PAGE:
Now, it’s true: a supernatural magical Christmas wish is an even more outlandish premise than the prince-traveling-incognito plot I complained about above. Princes at least actually do exist. But it’s the details that matter. This is a modern version of Victorian dramatist W.S. Gilbert’s classic “lozenge plot,” in which a magical device causes some sort of upheaval to the social order. He used this most famously in The Sorcerer, a comic opera in which a magical love potion causes everyone to fall in love with the wrong person.
Gilbert got his start writing pantomimes. These were entertainment staples of Victorian Christmas, and featured similar outlandish plot conceits. They featured stock characters and generally relied more on spectacle than writing to wow an audience, but there’s a clear line of descent from the craziness of Christmas pantomimes to Gilbert’s signature topsy-turvy satires. (And to be honest, it goes all the way back to Saturnalia, a Roman winter festival during which traditional social norms were temporarily suspended.)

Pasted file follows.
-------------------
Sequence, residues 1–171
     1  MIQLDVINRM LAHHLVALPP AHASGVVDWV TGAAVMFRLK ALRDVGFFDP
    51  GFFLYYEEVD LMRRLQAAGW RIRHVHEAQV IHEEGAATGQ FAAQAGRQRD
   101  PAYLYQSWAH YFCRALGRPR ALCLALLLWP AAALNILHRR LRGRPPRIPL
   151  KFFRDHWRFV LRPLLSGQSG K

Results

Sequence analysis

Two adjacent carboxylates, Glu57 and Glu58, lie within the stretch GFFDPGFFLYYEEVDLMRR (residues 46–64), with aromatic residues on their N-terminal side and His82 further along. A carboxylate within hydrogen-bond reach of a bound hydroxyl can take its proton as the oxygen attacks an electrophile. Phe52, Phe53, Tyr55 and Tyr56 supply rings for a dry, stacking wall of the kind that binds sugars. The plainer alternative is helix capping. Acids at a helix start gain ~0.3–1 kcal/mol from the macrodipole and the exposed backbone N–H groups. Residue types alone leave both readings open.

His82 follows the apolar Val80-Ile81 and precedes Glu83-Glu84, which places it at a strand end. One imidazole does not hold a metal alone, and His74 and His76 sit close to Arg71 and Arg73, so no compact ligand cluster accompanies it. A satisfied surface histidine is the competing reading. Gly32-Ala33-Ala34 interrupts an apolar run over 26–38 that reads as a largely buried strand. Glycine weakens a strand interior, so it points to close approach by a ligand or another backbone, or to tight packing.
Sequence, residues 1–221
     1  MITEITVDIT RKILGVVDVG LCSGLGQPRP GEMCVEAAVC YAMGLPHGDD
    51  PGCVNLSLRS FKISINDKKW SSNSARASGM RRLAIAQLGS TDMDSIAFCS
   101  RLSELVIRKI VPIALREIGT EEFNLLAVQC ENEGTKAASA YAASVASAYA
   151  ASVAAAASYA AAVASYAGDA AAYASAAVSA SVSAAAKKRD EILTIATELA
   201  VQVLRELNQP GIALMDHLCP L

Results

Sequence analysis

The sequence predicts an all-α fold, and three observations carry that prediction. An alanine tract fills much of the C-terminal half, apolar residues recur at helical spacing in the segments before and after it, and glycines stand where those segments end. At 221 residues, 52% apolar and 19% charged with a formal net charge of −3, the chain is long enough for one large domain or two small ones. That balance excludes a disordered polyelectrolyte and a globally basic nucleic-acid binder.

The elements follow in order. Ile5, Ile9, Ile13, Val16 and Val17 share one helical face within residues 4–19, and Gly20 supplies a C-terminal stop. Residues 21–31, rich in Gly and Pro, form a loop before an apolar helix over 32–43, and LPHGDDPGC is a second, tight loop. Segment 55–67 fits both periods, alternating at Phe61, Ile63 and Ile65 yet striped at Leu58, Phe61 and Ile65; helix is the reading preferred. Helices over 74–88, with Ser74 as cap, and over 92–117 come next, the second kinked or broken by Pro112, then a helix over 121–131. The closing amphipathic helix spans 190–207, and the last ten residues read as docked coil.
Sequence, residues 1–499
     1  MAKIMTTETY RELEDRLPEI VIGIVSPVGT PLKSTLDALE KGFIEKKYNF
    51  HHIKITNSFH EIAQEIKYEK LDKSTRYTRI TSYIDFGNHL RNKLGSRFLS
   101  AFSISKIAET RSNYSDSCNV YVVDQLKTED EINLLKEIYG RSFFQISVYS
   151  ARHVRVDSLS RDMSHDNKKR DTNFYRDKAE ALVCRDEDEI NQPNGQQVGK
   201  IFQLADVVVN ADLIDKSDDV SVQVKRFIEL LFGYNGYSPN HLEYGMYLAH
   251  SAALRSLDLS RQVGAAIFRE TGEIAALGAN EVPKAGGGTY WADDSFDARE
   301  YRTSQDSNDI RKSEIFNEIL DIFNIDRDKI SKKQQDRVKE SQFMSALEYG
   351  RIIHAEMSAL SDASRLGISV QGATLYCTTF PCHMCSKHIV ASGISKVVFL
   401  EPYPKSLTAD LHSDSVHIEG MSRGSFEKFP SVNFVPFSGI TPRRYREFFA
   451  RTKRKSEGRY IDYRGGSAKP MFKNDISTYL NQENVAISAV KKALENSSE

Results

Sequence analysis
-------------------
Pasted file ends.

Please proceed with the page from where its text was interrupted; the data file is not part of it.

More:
What made Gilbert’s impossible supernatural devices work so well is that they were the only impossible element. Gilbert would create one bizarre, fantastic concept, and then have everything else proceed with perfect logic and consistency from there.
The same thing is going on here. Addie, Sam and Pete all behave logically and consistently given the one absurd premise. The characters’ personalities don’t change on a dime for the sake of the plot. The entire story is based on watching the hilarious consequences of Addie’s non-specific wish play out.
That’s the other thing about this movie: it’s funny. The script is snappy and clever. There’s an extended scene with Addie trying to talk to Pete’s ex-fiancée in a Christmas store that makes me laugh out loud. I’d be remiss if I didn’t mention the performances of the supporting cast: Konstantina Mantelos as Pete’s jilted fiancée is great, as is Erica Deutschman as Addie’s friend Drea. It was nice to see the two female leads working together as friends, instead of being rivals for the same guy.